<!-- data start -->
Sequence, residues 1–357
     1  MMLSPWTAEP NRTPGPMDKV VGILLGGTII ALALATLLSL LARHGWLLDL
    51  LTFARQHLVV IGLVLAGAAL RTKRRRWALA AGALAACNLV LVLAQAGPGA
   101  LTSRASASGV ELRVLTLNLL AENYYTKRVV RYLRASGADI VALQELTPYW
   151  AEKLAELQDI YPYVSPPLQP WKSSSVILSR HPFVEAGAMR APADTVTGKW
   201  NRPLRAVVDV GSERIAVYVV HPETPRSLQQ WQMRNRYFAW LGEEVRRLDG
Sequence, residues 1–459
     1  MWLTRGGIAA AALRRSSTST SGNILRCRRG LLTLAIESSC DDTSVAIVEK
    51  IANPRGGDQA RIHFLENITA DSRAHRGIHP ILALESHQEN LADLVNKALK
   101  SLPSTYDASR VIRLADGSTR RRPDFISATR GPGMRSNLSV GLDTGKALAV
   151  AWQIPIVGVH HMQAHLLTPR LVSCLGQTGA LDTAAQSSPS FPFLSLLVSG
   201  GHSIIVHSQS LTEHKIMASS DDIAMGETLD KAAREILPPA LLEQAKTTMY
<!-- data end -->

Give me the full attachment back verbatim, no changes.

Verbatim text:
Sequence, residues 1–357
     1  MMLSPWTAEP NRTPGPMDKV VGILLGGTII ALALATLLSL LARHGWLLDL
    51  LTFARQHLVV IGLVLAGAAL RTKRRRWALA AGALAACNLV LVLAQAGPGA
   101  LTSRASASGV ELRVLTLNLL AENYYTKRVV RYLRASGADI VALQELTPYW
   151  AEKLAELQDI YPYVSPPLQP WKSSSVILSR HPFVEAGAMR APADTVTGKW
   201  NRPLRAVVDV GSERIAVYVV HPETPRSLQQ WQMRNRYFAW LGEEVRRLDG
Sequence, residues 1–459
     1  MWLTRGGIAA AALRRSSTST SGNILRCRRG LLTLAIESSC DDTSVAIVEK
    51  IANPRGGDQA RIHFLENITA DSRAHRGIHP ILALESHQEN LADLVNKALK
   101  SLPSTYDASR VIRLADGSTR RRPDFISATR GPGMRSNLSV GLDTGKALAV
   151  AWQIPIVGVH HMQAHLLTPR LVSCLGQTGA LDTAAQSSPS FPFLSLLVSG
   201  GHSIIVHSQS LTEHKIMASS DDIAMGETLD KAAREILPPA LLEQAKTTMY